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Antarctic Research Project
Seeing the Past with Sound

Imaging Antarctica’s Climate History

Drilling on sea ice
Drilling on sea ice

Thirty-four million years ago, the earth experienced one of the most dramatic and permanent climactic shifts in its history. Abruptly, warm “greenhouse” conditions gave way to an “icehouse world” in which continent-sized ice sheets expanded across Antarctica.

Geophone Drag
Geophones mounted along a cable “listen” for the echoes of air gun blasts bouncing off sediment layers deep below. Scientists use this sonic data to map the sediment layers under the ice and water.

Scientists are still struggling to understand what caused this sudden and dramatic climate shift. The answer may provide us with a glimpse of our future. Today, the climate is changing faster than any time during the last 65 million years, with carbon dioxide levels predicted to double or triple by the end of this century. The last time carbon dioxide levels were this high was between 25 and 40 million years ago, at roughly the same time as the mysterious, sudden shift from “greenhouse” to “icehouse.”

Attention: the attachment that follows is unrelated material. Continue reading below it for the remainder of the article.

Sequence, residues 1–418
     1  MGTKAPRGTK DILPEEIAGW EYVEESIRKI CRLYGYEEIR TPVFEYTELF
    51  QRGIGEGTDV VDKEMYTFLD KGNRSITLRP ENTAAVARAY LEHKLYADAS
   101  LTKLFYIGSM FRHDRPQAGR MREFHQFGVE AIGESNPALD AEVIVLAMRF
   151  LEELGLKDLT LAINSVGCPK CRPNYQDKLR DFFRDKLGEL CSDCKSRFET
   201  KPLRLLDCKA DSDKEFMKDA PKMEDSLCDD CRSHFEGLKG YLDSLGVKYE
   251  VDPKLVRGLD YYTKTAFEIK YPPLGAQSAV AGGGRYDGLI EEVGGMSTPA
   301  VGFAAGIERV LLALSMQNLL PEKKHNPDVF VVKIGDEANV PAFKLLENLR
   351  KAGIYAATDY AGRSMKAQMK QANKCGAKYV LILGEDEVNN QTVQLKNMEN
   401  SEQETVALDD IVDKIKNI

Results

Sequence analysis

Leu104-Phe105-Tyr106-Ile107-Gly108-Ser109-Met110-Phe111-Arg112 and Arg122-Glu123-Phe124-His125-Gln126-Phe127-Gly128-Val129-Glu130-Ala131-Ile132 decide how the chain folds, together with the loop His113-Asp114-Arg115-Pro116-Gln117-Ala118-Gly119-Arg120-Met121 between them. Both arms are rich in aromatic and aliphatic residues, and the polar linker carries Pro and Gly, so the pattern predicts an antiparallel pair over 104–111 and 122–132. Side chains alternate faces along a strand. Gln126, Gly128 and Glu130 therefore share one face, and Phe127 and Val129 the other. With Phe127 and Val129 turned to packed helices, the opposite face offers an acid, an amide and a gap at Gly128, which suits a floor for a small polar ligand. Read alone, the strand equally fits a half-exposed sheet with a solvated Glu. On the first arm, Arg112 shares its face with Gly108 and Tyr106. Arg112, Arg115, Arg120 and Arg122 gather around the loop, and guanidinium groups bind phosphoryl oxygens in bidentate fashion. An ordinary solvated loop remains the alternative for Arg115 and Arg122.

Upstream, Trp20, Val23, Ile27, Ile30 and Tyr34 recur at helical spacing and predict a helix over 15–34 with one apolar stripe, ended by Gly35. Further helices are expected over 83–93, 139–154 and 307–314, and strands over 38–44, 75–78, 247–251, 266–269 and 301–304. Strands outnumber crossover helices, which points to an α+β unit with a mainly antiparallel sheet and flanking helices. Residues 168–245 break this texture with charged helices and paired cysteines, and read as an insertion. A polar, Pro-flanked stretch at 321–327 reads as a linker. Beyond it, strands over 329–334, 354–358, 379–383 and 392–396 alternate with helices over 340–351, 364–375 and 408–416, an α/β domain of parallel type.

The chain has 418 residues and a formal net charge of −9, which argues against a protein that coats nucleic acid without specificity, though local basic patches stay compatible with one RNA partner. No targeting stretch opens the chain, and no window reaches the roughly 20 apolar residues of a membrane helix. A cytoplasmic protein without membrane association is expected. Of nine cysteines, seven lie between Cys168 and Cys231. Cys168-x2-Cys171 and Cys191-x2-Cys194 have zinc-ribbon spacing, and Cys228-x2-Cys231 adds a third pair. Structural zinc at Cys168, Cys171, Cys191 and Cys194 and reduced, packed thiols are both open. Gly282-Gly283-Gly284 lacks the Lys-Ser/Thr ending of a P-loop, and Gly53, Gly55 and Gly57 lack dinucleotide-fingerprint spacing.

Many scientists now agree that the key to this climate puzzle lies on the sea floor near Antarctica. Here, a record of advancing and retreating ice sheets lies locked in the layers of sediment on the sea floor. Studying these sediments means drilling sediment cores from the coastal areas of Antarctica. But before the sediments can be effectively drilled, they must be mapped.

Mapping these sediment layers was phase one of the Offshore New Harbor Project. Team members Andrea Balbas and Howie Koss, both students at Queens College in New York City, helped measure and map undersea sediment using reflected sound pulses.

Working on the sea ice in the middle of McMurdo Sound, the team detonated bone-rattling pulses from an air gun, then “listened” for the return echoes bouncing back from the layers of sediment below. The end result, a map of the sediment layers that have been accumulating there for tens of millions of years, will help researchers find the best location to drill in the second phase of the project.

Work this year is a continuation of the ANDRILL program to identify a new site for sediment core drilling to recover climate records for the last 50 million years.

Looking Down The Ice Hole
Looking down the ice hole.